Caroline believes her community has a role to play in the worsening crisis. For her, a lot of Asian Americans have adopted a vindictive outlook – particularly with reference to the way elders are treated in their native circles. It’s an attitude she intends to challenge at every opportunity.
“In some ways, we’re guilty as well. We tend to be very judgmental and racist, even amongst ourselves,” she concedes. “It’s about projection – the things you hate about yourself you attach to others. Because our grandmothers and great-grandmothers didn’t speak English, a lot of people didn’t regard them. It’s odd that our culture reaffirms this idea of valuing seniors, but in reality, I don’t think we do. We don’t listen to their opinions. It’s a very superficial level of respect, right down to their care and needs. They’re treated like kids.
“Ignorance can be bliss, and well-intentioned. What baffles me is that we don’t believe they can handle it, which is ironic when you consider what they went through!”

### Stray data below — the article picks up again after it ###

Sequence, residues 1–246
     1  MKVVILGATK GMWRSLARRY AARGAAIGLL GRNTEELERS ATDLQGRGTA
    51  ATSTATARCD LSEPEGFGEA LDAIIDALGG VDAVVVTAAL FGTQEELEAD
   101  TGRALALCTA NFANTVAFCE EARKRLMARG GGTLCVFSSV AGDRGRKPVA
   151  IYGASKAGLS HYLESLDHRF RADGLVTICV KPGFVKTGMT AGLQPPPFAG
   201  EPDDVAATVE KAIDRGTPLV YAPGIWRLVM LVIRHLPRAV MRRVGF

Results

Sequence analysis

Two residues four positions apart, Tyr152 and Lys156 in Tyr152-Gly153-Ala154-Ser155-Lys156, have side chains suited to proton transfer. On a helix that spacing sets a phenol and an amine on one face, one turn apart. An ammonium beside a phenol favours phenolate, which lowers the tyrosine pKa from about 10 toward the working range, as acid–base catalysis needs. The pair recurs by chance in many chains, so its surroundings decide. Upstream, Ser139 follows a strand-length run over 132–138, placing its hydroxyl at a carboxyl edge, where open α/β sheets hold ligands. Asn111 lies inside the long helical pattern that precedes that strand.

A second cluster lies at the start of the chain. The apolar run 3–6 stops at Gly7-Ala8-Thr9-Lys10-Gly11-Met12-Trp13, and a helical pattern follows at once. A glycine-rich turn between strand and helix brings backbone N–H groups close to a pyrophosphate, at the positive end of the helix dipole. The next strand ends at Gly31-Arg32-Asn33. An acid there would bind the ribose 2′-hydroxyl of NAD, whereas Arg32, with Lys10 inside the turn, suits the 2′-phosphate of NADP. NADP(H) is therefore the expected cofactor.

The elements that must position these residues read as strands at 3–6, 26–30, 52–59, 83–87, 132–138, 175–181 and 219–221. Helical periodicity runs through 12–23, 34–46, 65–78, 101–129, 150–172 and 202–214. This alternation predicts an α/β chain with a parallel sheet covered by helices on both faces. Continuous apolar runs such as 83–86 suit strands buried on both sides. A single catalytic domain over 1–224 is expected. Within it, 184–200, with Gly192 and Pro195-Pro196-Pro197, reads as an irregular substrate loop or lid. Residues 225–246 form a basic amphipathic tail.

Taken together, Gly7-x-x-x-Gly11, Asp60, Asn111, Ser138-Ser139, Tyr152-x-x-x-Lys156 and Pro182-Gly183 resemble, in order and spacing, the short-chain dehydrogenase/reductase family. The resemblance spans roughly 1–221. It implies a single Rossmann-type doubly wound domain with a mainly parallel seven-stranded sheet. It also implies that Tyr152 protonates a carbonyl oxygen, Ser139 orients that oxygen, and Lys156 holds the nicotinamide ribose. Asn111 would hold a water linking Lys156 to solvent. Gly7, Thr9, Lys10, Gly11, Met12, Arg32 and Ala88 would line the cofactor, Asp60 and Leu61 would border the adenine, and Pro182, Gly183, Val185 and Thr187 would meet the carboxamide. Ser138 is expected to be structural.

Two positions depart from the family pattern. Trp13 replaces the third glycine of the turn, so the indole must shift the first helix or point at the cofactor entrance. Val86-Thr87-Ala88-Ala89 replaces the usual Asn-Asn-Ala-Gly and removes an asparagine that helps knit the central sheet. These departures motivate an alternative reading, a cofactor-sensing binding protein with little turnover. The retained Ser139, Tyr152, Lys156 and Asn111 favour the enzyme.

Without question, old age can mean infirmity, but it also solidifies wisdom. Insight is an invaluable tool, and in more ways than one, it’s a form of strength unto itself.
“I started documenting this piece of history because I needed to show them as dissimilar to how they’re stereotypically perceived – stoical, fragile, feeble. This was about the reverse.”
Personifying the nature of these seniors, Caroline Tran’s snapshots reveal hidden tenacities. In spite of incalculable odds, here are people who’ve learned to laugh again. Cheeks may be streaked and damp, but this time, there’s a difference. There, deep in the eyes, the fear has gone.